East London teen is runner up for Commonwealth writing prize, as winners are revealed

Amaal Fawzi was raised in Lebanon and now lives in East London (Royal Commonwealth Society )
Amaal Fawzi was raised in Lebanon and now lives in East London (Royal Commonwealth Society )

A teenager from East London was the runner up in a writing competition entered by thousands of young people around the Commonwealth.

Amaal Fawzi, 17, who studies English Literature and Creative Writing at university, was named senior runner up in the prize for her poem, ‘Nursing Homes’. She came second to Sawooly Li, 17, from New Zealand.

The Queen’s Commonwealth Essay Competition (QCEC) is the world’s oldest international schools’ writing contest, delivered by the Royal Commonwealth Society since 1883.

Each year, entrants write on a theme that explores the Commonwealth’s values. Themes include the environment, community, inclusion, the role of youth leadership, and gender equality.

Born in Egypt to an Iraqi father and British mother, Amaal was raised in Lebanon, and has been writing poetry for many years.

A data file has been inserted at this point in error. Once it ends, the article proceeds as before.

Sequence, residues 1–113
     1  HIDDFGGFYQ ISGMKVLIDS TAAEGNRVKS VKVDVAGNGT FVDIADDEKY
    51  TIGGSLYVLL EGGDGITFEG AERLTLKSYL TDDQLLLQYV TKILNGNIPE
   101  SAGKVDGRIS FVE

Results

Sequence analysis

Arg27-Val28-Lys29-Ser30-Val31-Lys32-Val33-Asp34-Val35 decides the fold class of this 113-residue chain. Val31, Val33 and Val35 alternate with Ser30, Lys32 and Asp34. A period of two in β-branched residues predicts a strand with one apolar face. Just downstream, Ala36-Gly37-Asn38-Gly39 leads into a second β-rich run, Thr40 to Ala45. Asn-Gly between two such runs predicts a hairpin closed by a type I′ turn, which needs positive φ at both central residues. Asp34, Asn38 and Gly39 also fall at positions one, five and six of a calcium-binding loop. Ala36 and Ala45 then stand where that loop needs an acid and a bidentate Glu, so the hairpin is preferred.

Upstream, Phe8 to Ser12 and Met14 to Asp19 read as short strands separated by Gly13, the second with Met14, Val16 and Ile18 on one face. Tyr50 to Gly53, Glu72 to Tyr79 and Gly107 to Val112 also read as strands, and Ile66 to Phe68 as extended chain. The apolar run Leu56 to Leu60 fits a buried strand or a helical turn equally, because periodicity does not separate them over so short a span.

Her time in Lebanon formed the majority of her character and cultural experiences. Her poetry and prose are inspired by how she interacts with this living in the UK.

Most of her work is concerned with culture and identity, and it’s always personal.

About 140,000 young people, over 5,000 schools and thousands of volunteer judges across the Commonwealth have participated in the competition in the last decade.

This year, its theme was ‘Our Commonwealth’, reflecting on Queen Elizabeth II’s seven decades of service to the Commonwealth.

They received 26,322 entries. The junior winner was Madeleine Wood, 14, from Australia. The junior runner up was Maulika Pandey, 13, from India.

More information can be found on the Royal Commonwealth Society website.